GIRDWOOD, Alaska (KTUU) - Even after a bill aimed at updating Alaska's alcohol laws was introduced during the last legislative session, some brewers are pushing back against restrictions that they say inhibit small business growth.
Under Alaska law, businesses with a brewery retail license - which costs $1,000 annually - cannot serve brewed beverages after 8 p.m. and cannot allow live entertainment, televisions or other recreational or gaming opportunities. The maximum amount of beer a brewery can sell to a customer for off-site consumption is about five gallons.
"I think the entertainment rule right now is probably the most impactful. That's the one that's been front and center, but the hours restrictions really tough on us," said Josh Hegna, co-founder of Girdwood Brewing Company. "That 8:00 closing time is very challenging down here in Girdwood when we have people coming from work and they get back to Girdwood by 6:30 or 7:00, have dinner. By that time brewery's closed."
Some breweries have worked around the restrictions of brewery retail license by obtaining a beverage dispensary license, which is the same license bars hold, or a brewpub license. Hegna says that option is not viable for Girdwood Brewing because it is not only out of line with the business model, but zoning restrictions in Girdwood wouldn't allow that business to operate at the brewery's location.
"We're basically being restricted right now to the point where they don't even want us to do fundraisers or have a beer tour. So we don't necessarily want to have TVs or have big bands here, but it'd be nice if it were our choice. It'd be cool to have a snowboard movie up occasionally," Hegna said.
Girdwood Brewing Company's production is a smaller scale than the two largest brewers in Alaska, Alaskan Brewing Company and Denali Brewing Co. Hegna says smaller craft breweries depend more on sales at their taproom, which makes the restriction on operating hours have greater impact.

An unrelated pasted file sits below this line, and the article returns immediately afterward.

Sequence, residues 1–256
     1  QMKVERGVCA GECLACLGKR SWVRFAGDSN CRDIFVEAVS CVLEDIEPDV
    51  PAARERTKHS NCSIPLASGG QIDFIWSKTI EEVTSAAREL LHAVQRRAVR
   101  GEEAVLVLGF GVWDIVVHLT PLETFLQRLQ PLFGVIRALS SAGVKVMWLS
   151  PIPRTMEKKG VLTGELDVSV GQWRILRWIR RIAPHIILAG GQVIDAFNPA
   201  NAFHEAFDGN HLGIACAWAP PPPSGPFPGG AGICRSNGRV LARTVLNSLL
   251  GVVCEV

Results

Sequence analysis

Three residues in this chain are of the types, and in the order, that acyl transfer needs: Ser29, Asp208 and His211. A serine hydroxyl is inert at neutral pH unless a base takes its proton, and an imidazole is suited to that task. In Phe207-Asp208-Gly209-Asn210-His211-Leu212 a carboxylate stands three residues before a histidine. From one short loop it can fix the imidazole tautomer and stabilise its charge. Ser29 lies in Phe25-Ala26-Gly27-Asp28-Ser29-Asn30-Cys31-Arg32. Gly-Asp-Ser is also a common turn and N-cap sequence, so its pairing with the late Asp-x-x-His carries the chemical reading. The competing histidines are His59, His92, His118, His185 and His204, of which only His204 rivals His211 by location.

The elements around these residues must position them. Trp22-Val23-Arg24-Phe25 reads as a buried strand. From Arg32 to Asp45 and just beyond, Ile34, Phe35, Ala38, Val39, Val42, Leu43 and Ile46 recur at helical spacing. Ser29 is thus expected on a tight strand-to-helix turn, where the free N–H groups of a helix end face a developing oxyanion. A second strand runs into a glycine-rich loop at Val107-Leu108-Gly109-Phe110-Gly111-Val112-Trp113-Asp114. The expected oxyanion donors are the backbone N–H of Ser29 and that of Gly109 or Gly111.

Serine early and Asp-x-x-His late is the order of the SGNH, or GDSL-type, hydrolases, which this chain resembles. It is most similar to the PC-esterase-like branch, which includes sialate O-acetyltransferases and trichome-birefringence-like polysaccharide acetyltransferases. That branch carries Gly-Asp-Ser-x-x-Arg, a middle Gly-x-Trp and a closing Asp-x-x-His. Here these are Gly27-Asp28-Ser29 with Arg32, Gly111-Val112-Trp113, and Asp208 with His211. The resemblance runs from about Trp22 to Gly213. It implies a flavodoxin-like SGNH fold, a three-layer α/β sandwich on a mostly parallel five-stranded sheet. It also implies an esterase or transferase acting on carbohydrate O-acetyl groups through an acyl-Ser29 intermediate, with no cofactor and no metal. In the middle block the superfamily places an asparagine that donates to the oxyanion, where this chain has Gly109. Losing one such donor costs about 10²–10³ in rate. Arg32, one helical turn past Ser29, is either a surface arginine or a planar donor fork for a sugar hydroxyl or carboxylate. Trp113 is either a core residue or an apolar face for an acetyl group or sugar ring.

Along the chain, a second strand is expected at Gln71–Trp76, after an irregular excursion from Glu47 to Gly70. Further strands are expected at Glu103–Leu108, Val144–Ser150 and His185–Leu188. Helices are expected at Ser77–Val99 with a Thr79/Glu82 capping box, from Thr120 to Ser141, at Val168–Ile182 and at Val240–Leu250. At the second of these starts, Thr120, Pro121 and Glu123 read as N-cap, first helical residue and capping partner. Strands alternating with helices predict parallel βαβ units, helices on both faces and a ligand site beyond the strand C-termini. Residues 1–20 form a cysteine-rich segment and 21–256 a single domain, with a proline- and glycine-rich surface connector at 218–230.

"We are a taproom-focused brewery, so the majority of our sales come out of our taproom. It's a big part of us growing our brand, getting the message out there about what we're trying to do," Hegna said. "So it's critical. Without that taproom, we're not a sustainable business."
Earlier this year, Sen. Peter Micciche (R-Soldotna) introduced SB 52 to update Alaska's alcohol laws. The bill was informed by the Title 4 Steering Committee, which consists of stakeholders representing the alcohol industry, public health, local government and other areas.
The conversation on activities allowed at breweries was further rekindled this summer when the Alcohol Beverage Control board proposed a regulation in its July meeting that would restrict festivals, games and other social gatherings at breweries. Some bar owners spoke in support of restricting pour limits and hours at breweries.
While SB 52 could bring the most comprehensive updates to alcohol policy in decades, Hegna says the conversations in recent years have not been particularly helpful for growing a brewery business.
"It comes down to economy and community. Manufacturing has been declining for decades, and yet brewing is one of the shining stars in manufacturing. Just our business alone, we've been open less than three years. We started with just three of us and now we have 13 jobs," Hegna said.
He added that he is in favor of adapting laws to a drinking culture that has been rapidly shifting in the past few years.
"If we modernize these beer laws, we will create more jobs, we'll create more beer. We will unfortunately have to pay more taxes but that's good for the state. I think modernizing beer laws is also good for everybody."
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